Smithsonian magazine explains how popcorn conquered the movie theater industry.
in 1885, the first steam-powered popcorn maker hit the streets, invented by Charles Cretor. The mobile nature of the machine made it the perfect production machine for serving patrons attending outdoor sporting events, or circuses and fairs. Not only was popcorn mobile, but it could be mass-produced without a kitchen, an advantage that another crunchy snackâ€“the potato chipâ€“lacked (the earliest potato chips were made in small batches in kitchens, not ideal for mass snack appeal). Another reason for its dominance over other snacks was its appealing aroma when popped, something that street vendors used to their advantage when selling popcorn. Still, movie theaters wouldnâ€™t allow the popular street snack into their auditoriums.
â€œMovie theaters wanted nothing to do with popcorn,â€ Smith says, â€œbecause they were trying to duplicate what was done in real theaters. They had beautiful carpets and rugs and didnâ€™t want popcorn being ground into it.â€ Movie theaters were trying to appeal to a highbrow clientele, and didnâ€™t want to deal with the distracting trash of concessionsâ€“or the distracting noise that snacking during a film would create.
When films added sound in 1927, the movie theater industry opened itself up to a much wider clientele, since literacy was no longer required to attend films (the titles used early silent films restricted their audience). By 1930, attendance to movie theaters had reached 90 million per week. Such a huge patronage created larger possibilities for profitsâ€“especially since the sound pictures now muffled snacksâ€“but movie theater owners were still hesitant to bring snacks inside of their theaters.
The Great Depression presented an excellent opportunity for both movies and popcorn. Looking for a cheap diversion, audiences flocked to the movies. And at 5 to 10 cents a bag, popcorn was a luxury that most people were able to afford. Popcorn kernels themselves were a cheap investment for purveyors, and a $10 bag could last for years. If those inside the theaters couldnâ€™t see the financial lure of popcorn, enterprising street vendors didnâ€™t miss a beat: they bought their own popping machines and sold popcorn outside the theaters to moviegoers before they entered the theater. As Smith explains, early movie theaters literally had signs hung outside their coatrooms, requesting that patrons check their popcorn with their coats. Popcorn, it seems, was the original clandestine movie snack.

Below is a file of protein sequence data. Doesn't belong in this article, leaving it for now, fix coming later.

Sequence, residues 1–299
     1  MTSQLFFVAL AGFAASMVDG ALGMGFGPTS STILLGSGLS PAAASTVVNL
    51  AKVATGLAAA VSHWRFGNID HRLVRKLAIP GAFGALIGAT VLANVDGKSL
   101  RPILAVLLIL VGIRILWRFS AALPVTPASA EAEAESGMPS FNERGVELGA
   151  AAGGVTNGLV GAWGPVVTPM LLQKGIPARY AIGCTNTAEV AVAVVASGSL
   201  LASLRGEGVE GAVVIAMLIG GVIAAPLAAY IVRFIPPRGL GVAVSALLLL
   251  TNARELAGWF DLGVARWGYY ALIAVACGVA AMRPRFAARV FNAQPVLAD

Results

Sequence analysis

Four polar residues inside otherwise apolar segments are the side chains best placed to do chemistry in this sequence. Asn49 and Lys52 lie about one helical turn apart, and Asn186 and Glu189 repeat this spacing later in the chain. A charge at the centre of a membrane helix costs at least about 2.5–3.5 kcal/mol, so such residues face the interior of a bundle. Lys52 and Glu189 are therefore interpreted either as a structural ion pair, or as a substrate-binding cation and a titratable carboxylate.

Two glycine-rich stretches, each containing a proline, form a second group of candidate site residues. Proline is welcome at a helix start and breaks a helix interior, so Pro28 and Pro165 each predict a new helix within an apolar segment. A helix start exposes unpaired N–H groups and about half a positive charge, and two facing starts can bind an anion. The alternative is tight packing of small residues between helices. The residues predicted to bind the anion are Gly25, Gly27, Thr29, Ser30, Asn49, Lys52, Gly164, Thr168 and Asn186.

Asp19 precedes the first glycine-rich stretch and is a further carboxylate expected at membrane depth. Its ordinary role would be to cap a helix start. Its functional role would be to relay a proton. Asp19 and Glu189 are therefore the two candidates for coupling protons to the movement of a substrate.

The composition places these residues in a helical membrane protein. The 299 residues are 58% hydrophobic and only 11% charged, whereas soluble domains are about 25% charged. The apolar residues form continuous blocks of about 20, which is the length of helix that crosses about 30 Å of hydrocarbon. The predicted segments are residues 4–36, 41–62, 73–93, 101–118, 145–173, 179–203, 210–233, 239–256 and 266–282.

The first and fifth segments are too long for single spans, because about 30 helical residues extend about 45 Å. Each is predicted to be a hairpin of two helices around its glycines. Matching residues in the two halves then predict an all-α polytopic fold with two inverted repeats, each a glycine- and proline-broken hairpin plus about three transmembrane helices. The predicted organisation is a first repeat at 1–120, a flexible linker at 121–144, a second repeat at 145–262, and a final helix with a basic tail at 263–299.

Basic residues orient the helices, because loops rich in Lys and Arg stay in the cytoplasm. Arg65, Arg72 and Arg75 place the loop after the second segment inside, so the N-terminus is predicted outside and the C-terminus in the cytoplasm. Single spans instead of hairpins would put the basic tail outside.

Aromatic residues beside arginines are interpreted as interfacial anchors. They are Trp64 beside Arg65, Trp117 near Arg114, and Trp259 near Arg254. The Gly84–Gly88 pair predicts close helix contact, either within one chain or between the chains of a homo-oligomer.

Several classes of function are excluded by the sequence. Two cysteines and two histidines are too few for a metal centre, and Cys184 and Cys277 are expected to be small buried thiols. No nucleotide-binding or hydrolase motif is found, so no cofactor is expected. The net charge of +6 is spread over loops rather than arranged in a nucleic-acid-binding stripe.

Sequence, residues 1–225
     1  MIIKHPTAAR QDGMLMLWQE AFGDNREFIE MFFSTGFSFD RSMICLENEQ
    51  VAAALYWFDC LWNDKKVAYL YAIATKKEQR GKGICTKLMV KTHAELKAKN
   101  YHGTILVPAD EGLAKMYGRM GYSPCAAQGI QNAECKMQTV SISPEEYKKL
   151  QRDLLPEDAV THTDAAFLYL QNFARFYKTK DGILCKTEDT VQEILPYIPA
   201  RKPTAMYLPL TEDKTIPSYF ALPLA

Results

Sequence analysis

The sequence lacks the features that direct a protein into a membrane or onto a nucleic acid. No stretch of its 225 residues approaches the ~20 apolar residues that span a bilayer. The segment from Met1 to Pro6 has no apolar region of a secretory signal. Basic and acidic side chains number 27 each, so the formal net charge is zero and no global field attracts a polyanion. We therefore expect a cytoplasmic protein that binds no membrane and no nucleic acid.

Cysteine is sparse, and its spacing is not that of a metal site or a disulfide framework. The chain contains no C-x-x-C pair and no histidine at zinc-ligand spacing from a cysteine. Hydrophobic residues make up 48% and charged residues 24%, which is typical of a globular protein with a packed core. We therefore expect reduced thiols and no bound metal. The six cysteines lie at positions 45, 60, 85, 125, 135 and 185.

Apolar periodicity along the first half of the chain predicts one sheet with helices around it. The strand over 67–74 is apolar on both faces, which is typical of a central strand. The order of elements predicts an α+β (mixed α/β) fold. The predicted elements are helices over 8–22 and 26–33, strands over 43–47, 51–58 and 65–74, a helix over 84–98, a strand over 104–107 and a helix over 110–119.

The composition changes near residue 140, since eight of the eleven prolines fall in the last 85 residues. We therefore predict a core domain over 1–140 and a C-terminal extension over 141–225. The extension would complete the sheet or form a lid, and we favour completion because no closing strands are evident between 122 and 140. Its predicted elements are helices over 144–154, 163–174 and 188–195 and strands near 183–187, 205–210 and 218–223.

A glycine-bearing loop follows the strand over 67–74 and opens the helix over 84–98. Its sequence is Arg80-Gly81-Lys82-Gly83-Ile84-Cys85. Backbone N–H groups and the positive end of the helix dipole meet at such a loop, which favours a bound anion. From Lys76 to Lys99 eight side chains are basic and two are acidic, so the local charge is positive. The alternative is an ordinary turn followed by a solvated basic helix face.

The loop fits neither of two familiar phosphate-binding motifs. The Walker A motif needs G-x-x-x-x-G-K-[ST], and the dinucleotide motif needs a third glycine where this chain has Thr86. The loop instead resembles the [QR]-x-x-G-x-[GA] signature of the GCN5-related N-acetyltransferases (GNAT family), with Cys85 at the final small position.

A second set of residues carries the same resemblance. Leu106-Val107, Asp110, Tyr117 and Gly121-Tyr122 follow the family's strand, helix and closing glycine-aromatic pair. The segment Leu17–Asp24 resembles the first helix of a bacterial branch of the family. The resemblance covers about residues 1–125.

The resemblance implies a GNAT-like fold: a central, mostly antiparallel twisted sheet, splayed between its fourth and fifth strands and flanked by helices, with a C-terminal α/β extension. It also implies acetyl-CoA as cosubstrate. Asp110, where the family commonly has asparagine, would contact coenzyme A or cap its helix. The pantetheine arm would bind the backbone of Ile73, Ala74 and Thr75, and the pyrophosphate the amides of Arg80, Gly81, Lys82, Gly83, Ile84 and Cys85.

Beyond wanting to maintain appearances, early movie theaters werenâ€™t built to accommodate the first popcorn machines; the theaters lacked proper ventilation. But as more and more customers came to the theater with popcorn in hand, owners couldnâ€™t ignore the financial appeal of selling the snack. So they leased â€œlobby privilegesâ€ to vendors, allowing them to sell their popcorn in the lobby of their theater (or more likely on a bit of street in front of the theater) for a daily fee.
Eventually, movie theater owners realized that if they cut out the middleman, their profits would skyrocket. For many theaters, the transition to selling snacks helped save them from the crippling Depression. In the mid-1930s, the movie theater business started to go under. â€œBut those that began serving popcorn and other snacks,â€ Smith explains, â€œsurvived.â€ Take, for example, a Dallas movie theater chain that installed popcorn machines in 80 theaters, but refused to install machines in their five best theaters, which they considered too high class to sell popcorn. In two years, the theaters with popcorn saw their profits soar; the five theaters without popcorn watched their profits go into the red. Eventually, movie theater owners came to understand that concessions were their ticket to higher profits, and installed concession stands in their theaters.
World War II further solidified the marriage between popcorn and the movie theaters. Competing snacks like candy and soda suffered from sugar shortages and in turn, rationing, as traditional sugar exporters like the Philippines were cut off from the United States.
By 1945, popcorn and the movies were inextricably bound: over half of the popcorn consumed in America was eaten at the movie theaters.
Read the whole thing.
Via the Dish.